1     Mariposa                       1,421,521                         919,463                      835,320                      919,463                      906,841                    894,220                  885,806                    877,391
  2     Mendocino                      6,963,846                       4,408,104                    4,092,123                    4,375,405                    4,360,707                  4,313,310                4,281,712                  4,250,114
  2     Merced                        18,158,793                       9,194,589                   10,670,544                    9,339,313                    9,415,983                  9,637,376                9,784,971                  9,932,567
  1     Modoc                            962,111                         890,357                      565,360                      890,357                      841,607                    792,858                  760,358                    727,858
  1     Mono                           1,776,230                       1,216,036                    1,043,756                    1,216,036                    1,190,194                  1,164,352                1,147,124                  1,129,896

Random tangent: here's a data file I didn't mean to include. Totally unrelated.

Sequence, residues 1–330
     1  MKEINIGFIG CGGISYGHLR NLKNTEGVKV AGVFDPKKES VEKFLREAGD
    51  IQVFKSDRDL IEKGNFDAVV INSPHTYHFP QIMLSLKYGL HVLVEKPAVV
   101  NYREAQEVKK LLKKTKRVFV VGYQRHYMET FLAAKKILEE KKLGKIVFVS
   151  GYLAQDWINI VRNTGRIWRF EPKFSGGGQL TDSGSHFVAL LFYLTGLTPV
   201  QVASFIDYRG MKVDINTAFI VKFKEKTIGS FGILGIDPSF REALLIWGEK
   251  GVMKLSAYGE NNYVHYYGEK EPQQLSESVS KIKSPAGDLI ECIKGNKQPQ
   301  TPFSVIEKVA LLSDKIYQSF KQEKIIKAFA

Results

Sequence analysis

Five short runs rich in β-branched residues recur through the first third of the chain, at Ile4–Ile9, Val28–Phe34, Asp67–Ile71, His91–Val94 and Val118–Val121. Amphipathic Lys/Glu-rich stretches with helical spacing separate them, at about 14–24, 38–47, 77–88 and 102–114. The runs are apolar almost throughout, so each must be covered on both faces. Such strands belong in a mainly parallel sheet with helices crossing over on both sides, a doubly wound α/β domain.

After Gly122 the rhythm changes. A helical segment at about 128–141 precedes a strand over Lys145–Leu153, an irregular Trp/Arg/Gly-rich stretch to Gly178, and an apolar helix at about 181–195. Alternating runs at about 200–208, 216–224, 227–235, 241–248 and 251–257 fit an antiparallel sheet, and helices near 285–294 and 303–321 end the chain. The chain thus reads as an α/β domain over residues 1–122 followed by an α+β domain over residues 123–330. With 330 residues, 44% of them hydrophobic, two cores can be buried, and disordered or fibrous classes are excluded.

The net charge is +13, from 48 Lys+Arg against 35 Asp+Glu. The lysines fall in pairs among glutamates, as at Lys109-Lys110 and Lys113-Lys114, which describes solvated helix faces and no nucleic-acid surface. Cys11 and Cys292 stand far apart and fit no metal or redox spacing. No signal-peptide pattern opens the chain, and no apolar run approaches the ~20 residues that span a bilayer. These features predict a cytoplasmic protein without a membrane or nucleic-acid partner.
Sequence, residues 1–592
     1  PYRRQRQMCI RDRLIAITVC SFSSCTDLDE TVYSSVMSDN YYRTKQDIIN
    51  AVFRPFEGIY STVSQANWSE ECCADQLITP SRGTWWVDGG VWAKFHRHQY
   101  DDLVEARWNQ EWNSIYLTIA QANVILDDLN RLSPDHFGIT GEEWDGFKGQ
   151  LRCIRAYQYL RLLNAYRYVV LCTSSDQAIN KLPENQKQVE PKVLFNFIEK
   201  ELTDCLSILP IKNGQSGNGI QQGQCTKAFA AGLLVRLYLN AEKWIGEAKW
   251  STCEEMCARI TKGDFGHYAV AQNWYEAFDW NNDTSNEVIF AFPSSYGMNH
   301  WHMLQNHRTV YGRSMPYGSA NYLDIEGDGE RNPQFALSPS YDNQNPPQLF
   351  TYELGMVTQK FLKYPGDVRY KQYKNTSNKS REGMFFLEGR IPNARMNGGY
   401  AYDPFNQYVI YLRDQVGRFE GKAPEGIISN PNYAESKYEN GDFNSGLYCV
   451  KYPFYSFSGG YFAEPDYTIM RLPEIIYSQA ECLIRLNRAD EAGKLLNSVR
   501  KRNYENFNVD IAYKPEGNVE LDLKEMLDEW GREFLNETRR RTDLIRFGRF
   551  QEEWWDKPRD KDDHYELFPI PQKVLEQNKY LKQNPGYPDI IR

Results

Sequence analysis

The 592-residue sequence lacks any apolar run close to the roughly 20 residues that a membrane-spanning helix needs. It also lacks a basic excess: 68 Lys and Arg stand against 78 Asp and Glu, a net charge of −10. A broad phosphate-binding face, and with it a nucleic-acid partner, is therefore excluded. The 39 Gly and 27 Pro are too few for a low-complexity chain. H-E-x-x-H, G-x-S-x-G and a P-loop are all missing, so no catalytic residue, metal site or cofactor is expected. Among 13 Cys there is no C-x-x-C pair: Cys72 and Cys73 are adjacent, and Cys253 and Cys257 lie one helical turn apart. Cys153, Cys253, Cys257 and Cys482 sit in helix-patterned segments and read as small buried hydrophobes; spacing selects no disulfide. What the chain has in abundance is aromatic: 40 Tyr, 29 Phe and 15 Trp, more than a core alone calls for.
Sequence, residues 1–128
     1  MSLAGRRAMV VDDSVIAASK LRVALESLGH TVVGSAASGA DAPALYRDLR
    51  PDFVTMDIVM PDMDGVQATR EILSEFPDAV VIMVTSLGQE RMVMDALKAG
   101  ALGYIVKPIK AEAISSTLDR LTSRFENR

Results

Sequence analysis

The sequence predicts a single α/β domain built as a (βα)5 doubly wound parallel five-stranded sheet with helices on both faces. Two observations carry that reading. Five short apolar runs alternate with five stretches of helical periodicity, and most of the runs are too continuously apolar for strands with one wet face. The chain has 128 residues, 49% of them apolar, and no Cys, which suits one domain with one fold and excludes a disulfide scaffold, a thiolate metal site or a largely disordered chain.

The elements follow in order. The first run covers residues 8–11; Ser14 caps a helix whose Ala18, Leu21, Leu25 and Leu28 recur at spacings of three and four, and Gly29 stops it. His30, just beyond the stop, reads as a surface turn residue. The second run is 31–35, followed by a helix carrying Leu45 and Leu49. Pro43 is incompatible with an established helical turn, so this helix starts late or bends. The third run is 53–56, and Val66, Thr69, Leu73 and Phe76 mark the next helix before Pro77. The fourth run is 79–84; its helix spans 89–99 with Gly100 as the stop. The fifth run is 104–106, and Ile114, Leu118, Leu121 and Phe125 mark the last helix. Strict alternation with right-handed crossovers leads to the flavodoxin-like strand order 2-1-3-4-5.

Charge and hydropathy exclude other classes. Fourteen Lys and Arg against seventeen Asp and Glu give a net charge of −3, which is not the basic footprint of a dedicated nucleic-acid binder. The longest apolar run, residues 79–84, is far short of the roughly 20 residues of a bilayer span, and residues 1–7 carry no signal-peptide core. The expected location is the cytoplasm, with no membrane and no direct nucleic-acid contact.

3     Monterey                      26,233,860                      12,940,009                   15,415,648                   13,183,425                   13,311,355                 13,682,701               13,930,265                 14,177,828
  2     Napa                           9,424,665                       6,038,420                    5,538,160                    5,986,904                    5,963,381                  5,888,342                5,838,316                  5,788,290
  2     Nevada                         6,662,682                       3,808,975                    3,915,152                    3,818,539                    3,824,902                  3,840,828                3,851,446                  3,862,064
  4     Orange                       172,292,394                     122,297,147                  101,243,158                  120,164,504                  119,139,048                115,980,950              113,875,551                111,770,152